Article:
Think if I brought it flowers...?
Actually, maybe it's not all that bad. I can narrow the possible places it could be down to about 15 miles of road - or at least what we call road :) It could be worse, I could have lost it in the mile and a half of dense undergrowth I cut my way through today. But I know I didn't lose it there, I had it when I got back to the truck. Probably set it on the toolbox or siderail of the truck. Bummer.
Oh well, I'll see if I can find it tomorrow morning -- if it doesn't rain. Like I said, woe is me.
This photo was taken in my "work" swamp, so if you read my other blog then you can probably figure this one out pretty easily. It was actually more purple in color than the photo shows and I found it in the middle of the road.
So, if scat could talk, what would this one tell you?
Below are three of the 105 pictures I took this morning - it was a slow day image-wise.
Pine Warbler, Dendroica pinus, in an oak tree
Female Downy Woodpecker, Picoides pubescens
Crab spider, most likely Misumena vatia, but I'm not at all certain...
Sure, it's cute. Sure, it looks soft and furry. But remember what I said: DO NOT TOUCH IT!
What you don't see beneath that furry little exterior are the sharp, hollow spines attached to little poison glands in the body. Break one of those hidden spines and you'll know it - instantly. It will burn and hurt. In some very sensitive individuals it can cause severe reactions. And it doesn't take much to break one of the spines. Years ago one of these critters fell out of a tree and brushed against Mr. Swamp's arm. He described the sensation as like having acid sprayed on him.
So what is this little marvel? It is one of the stinging caterpillars (also called urticating caterpillars).
Fuzzy wuzzy with a punch. Do NOT touch!!
Megalopyge operularis - Puss Caterpillar, the larval form of the Southern Flannel Moth.
A worm snake hatchling, Carphophis amoenus. Apparently he hasn't learned yet that he is supposed to be "highly secretive." He was wiggling his way across the trail yesterday afternoon. I scooped him up to get a closer look and then put him back down so he could go about the business of life - which for a worm snake happens to be eating earthworms and other creepy crawlies.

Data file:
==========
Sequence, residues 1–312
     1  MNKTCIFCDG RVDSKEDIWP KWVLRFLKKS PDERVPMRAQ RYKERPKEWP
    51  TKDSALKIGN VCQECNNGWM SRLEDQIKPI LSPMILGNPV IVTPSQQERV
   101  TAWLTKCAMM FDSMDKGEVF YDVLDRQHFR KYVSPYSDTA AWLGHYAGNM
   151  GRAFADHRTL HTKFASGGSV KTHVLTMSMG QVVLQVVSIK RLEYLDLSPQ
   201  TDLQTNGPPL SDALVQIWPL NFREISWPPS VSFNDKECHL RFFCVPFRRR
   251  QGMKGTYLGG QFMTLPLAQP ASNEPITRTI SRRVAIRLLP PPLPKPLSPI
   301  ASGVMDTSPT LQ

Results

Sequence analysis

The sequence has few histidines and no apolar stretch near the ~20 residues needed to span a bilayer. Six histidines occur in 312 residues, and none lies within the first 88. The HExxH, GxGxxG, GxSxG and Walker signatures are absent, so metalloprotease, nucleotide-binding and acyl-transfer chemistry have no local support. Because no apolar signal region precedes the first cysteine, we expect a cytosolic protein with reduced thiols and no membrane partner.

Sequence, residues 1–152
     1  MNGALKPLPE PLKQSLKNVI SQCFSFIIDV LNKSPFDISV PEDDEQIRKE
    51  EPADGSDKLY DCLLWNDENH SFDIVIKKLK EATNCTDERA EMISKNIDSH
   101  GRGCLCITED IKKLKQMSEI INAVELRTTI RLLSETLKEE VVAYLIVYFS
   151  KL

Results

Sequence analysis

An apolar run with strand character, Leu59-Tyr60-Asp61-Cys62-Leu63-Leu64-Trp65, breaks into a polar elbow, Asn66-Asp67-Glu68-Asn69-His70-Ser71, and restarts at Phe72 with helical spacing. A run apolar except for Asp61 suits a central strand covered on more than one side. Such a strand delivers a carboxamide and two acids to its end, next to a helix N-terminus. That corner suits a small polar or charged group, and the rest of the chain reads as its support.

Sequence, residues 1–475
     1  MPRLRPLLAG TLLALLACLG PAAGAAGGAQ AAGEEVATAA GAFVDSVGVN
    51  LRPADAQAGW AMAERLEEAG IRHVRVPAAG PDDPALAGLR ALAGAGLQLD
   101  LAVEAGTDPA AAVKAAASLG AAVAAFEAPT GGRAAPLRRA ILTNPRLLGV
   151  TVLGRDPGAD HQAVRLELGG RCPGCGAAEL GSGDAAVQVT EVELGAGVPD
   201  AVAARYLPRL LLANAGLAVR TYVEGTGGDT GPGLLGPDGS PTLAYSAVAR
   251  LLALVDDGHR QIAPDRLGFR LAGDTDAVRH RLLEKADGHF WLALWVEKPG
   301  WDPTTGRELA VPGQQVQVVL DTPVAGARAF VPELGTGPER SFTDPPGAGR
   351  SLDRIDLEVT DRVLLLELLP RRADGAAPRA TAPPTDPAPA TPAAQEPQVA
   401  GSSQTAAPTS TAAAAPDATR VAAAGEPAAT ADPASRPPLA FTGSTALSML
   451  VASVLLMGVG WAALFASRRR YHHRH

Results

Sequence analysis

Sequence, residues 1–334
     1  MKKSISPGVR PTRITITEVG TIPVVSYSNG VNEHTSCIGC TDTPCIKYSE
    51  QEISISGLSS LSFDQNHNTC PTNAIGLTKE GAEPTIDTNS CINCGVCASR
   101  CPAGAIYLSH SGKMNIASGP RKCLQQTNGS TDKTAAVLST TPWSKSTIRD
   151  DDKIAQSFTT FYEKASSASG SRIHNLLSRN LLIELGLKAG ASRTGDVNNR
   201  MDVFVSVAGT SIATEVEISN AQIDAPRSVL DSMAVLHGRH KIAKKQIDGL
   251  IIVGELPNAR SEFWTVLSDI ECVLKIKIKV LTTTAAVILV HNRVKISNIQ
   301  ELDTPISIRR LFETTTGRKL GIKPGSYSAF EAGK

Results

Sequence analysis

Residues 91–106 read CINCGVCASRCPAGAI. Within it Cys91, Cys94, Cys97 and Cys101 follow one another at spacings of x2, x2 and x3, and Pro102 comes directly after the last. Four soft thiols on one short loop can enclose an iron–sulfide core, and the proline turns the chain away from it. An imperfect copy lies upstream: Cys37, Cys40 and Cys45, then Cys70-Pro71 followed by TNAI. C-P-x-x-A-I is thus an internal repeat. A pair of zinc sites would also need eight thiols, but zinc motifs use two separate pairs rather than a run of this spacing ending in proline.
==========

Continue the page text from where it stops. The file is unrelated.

This baby was about 4 inches long. Adult worm snakes range in size from about 7.5 to a whopping 12.5 inches. Most of the ones I have seen have been about 8 to 9 inches.
A baby eastern fence lizard, Sceloporus undulatus. Despite being less than 1.75 inches long, this lizard was king of his cement bumper.
We've been seeing an increase in fence lizard populations this past year. When Hurricane Isabel blew through in 2003 she knocked down thousands of trees, creating the open areas with plenty of sunlight that fence lizards find so appealing. It has been interesting to observe the shift in plant and animal species following such a major weather event -- but I do miss the mature beech forest that Isabel flattened, exactly two years ago today.
O*p*h*e*l*i*a, that outrageously slow moving hurricane, is finally leaving our coast. We received little effect here in the swamp-- a few bouts of gusty winds, heavy clouds that wouldn't spill their rain, and oppressive humidity were our only indicators that a storm was out there.
Further south, my son experienced heavy rains and stronger winds. His roof was leaking and his power went out, but all in all, he fared well.
Some folks right along the coast suffered some flooding and wind damage -- nothing too bad, thank goodness.
I want to thank all of you for your expressions of concern and your well-wishes! We were hit hard two years ago by Hurricane Isabel and those memories are still fresh. It is reassuring to know there are people out there who care.
Take a look at this picture and tell me what you see. I'll be back later to tell you what we saw...
So, what did you see?
Did you recognize the mound as an abandoned beaver lodge?
You did? Excellent!
Did you see the snakes? Yep, snakes. Sixteen of 'em, as a matter of fact. Eight adults and eight babies. All Cottonmouths, Agkistrodon piscivorus piscivorus.
There were at least sixteen on top of the lodge. I suspect there may have been more inside the lodge.
Cottonmouths, also known as Water Moccasins, tend to gather together in the late summer and fall in preparation for winter hibernation. Abandoned beaver lodges make excellent winter dens.
Whenever we paddle past a lodge or dam, we look closely to see if a cottonmouth or two is present. This snake had shed recently and was looking all fresh and spiffy.
Don't they look cozy?
This one seem to prefer a tad more personal space...
While these didn't mind sharing a sunny spot.
But the prize of the day was the presence of newborn babies. Cottonmouths give live birth in late summer. Litter size varies from 3 to 14. The young are about 10 inches (~25 cm) long and have yellow-tipped tails.
Isn't he cute? This was the first time we had seen babies this young. I love the fact that no matter how often we go out on the pond we always see something new -- and considering we've been paddling this pond and swamp for over twenty-five years, that's pretty amazing.
Man! I love my 'backyard'!!
Note: Be aware that Cottonmouths are venomous snakes and each has its own personality. One may be shy and slip away, another may be seemingly indifferent and just watch you pass by, while another may shake its tail and gape its mouth in warning. But they all have one thing in common, if you push them past their comfort level they will bite. So give them their space and appreciate them from a distance.
I have been trying to get in touch with him for a week but each time I called I received the recorded message that the phone lines were out due to the hurricane. It was very reassuring to hear his voice today...